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Astron. Astrophys. 321, 643-651 (1997)

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1. Introduction

The study of umbrae and the variety of their structural details play a key role in the unsolved issue of energy transport in sunspots. Umbral dots carry information on the magnetic structure and the thermal state of the near-surface layers of the umbra. They contribute up to 40 % to the umbral intensity at visible wavelengths (Adjabshirzadeh & Koutchmy 1983) and therefore represent a source of the observed umbral brightness. Reviews of the relevant observable parameters are given by García de la Rosa (1987) and Muller (1992).

Considering a model in which the sunspot consists of a single monolithic magnetic column, Knobloch & Weiss (1984) showed that in a nonlinear treatment of magnetoconvection vertical energy transport is occuring inside the rigid magnetic field structure. In their picture UDs are the visible consequence of coherent motions in convective cells with diameters of 250-300 km reaching down to a depth of [FORMULA] 1500 km.

The so-called cluster model, proposed by Parker (1979) and elaborated by Choudhuri (1986), proceeds from the assumption that the sunspot magnetic field splits below the visible umbral photosphere in several individual bundles of flux tubes separated by nearly fieldfree solar plasma. Overstable convection can occur in these fieldfree regions and UDs are believed to be the manifestation for hot columns of gas, rising up between the magnetic ropes.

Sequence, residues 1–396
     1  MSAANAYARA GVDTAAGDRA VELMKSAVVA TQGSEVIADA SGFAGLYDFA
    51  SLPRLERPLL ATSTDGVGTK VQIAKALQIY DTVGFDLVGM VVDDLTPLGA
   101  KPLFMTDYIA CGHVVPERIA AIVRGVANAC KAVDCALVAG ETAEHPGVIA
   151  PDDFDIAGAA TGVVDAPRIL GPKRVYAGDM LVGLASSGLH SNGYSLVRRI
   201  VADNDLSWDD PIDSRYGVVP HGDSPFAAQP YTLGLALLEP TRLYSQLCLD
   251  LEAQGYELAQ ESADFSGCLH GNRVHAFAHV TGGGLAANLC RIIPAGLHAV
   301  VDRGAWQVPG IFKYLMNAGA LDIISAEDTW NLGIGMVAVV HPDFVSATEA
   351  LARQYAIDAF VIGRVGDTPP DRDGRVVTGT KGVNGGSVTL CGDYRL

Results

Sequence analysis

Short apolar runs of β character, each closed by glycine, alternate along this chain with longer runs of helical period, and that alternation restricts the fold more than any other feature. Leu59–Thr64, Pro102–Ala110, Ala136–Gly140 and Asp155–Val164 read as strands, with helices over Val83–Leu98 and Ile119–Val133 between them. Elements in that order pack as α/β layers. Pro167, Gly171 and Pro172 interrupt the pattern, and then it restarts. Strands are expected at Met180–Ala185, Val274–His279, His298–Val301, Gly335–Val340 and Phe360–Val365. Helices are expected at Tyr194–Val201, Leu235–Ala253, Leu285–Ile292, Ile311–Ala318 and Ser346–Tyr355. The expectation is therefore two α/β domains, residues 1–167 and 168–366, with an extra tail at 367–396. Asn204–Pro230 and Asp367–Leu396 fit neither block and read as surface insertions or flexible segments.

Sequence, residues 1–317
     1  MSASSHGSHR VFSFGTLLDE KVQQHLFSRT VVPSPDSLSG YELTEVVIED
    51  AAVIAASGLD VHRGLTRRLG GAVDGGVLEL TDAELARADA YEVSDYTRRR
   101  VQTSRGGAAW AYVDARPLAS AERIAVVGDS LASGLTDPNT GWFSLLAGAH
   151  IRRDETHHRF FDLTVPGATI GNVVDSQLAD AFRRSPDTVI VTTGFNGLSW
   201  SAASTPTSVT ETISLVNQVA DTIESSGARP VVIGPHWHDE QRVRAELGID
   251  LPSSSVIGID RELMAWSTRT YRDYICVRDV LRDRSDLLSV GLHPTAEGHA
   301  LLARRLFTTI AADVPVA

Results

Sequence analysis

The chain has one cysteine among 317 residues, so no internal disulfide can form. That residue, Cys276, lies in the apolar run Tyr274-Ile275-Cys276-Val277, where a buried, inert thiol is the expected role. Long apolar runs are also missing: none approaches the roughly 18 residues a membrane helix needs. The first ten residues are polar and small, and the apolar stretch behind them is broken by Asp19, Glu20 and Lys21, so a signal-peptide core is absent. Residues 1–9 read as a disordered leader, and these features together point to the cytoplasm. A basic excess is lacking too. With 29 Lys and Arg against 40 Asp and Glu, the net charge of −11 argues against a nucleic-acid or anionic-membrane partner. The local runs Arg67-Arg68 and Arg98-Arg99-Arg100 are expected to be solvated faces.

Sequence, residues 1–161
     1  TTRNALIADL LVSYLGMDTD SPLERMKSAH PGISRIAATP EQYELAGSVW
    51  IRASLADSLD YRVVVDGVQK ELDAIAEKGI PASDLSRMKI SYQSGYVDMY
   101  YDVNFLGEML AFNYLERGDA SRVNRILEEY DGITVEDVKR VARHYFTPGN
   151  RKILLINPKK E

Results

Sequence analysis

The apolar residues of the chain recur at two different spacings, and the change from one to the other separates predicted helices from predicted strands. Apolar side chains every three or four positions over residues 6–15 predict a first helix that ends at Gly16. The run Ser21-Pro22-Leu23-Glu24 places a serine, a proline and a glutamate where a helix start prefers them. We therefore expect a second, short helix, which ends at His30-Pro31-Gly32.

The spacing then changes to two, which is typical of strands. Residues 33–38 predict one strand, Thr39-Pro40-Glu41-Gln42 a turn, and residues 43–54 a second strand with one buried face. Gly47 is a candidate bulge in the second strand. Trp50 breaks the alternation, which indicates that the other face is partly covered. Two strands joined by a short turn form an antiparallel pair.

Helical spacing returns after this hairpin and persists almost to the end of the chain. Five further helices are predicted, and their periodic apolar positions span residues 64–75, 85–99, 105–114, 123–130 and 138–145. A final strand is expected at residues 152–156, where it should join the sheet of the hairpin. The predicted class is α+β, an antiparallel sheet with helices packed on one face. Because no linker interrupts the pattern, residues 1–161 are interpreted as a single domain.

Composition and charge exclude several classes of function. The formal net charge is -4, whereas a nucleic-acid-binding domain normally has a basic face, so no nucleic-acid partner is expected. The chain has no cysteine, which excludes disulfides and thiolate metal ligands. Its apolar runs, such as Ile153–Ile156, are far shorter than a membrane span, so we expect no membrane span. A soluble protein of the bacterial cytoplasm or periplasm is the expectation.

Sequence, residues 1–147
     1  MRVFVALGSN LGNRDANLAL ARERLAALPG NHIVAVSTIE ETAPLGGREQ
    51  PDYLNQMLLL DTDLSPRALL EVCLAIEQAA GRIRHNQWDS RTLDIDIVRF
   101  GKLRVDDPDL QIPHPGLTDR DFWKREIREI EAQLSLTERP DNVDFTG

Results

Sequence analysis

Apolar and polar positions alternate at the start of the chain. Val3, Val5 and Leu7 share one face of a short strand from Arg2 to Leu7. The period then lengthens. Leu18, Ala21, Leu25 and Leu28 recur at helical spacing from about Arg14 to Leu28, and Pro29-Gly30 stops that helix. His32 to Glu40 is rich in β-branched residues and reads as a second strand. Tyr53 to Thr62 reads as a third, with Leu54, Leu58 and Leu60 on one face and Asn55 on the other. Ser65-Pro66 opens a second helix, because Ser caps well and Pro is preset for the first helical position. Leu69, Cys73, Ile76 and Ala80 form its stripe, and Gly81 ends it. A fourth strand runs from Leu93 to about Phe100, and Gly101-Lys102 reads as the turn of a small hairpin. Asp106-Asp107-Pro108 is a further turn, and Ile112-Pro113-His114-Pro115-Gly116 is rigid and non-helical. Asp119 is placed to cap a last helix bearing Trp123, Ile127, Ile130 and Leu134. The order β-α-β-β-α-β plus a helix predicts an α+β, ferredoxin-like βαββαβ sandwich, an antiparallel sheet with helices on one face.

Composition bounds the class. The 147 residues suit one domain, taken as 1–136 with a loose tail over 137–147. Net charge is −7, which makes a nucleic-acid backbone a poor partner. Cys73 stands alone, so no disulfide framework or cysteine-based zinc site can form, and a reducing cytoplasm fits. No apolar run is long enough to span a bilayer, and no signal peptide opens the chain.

In a more recent theoretical study, Degenhardt & Lites (1993) investigate the behaviour of a thin vertical gas column embedded in a sunspot umbra using the thin flux tube approximation (Ferriz-Maz & Schüssler 1990).

The magnetic field strength in UDs should be greatly reduced at the visible surface and accompanied by substantial upflows ([FORMULA]  10 km/s) if we believe the Parker/Choudhuri picture. The observable signatures in the model of Knobloch & Weiss would be large fluctuations in field strength due to the highly nonlinear oscillations, while Degenhardt & Lites predict only small velocity and magnetic field differencies in photospheric layers and an inverse field gradient in UDs.

However, these model characteristics are not in accord with existing observations. On the other hand observations of UDs are strongly influenced by the spatial resolution of the instrument and seeing conditions. Thus from the observational point of view it is as well difficult to rule out or confirm any of the models.

The brightness and temperature of UDs has been studied by various authors (e.g. Beckers & Schröter 1968; Koutchmy & Adjabshirzadeh 1981; Grossmann-Doerth et al. 1986; Sobotka et al. 1992a, 1992b; Ewell 1992; Sobotka et al. 1993) who agree that the wide range of measured UD contrasts and derived temperatures points to the existence of more than one kind of UDs, differing in their individual intrinsic development.

Spectroscopic investigations allow to infer the magnetic field strength inside umbrae. In observations of moderate spatial resolution ([FORMULA]), UDs tend to show a slightly weaker field strength than the surrounding umbra. The claimed reduction in field strength varies between some 100 Gauss (Beckers & Schröter 1969; Adjabshirzadeh & Koutchmy 1983; Pahlke & Wiehr 1990) up to nearly 50 % (Kneer 1973).

Observations of higher spatial resolution show more contradicting results. Lites et al. (1991) find that UDs are not accompanied by significant variations of magnetic field strength at the visible surface. We refer to Grossmann-Doerth et al. (1986) and distinguish between central and peripheral UDs (CUDs and PUDs respectively). Schmidt & Balthasar (1994) find a field reduction in CUDs of [FORMULA] 10-20 % and in PUDs of [FORMULA] 5-10 %. In a more recent study Balthasar & Schmidt (1994) report about a decrease of magnetic field strength in bright umbral structures by 5-10 % for an infrared line. A weakening of the field strength of [FORMULA] 20 % in PUDs and almost none in CUDs has been reported by Wiehr & Degenhardt (1993).

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© European Southern Observatory (ESO) 1997

Online publication: June 30, 1998
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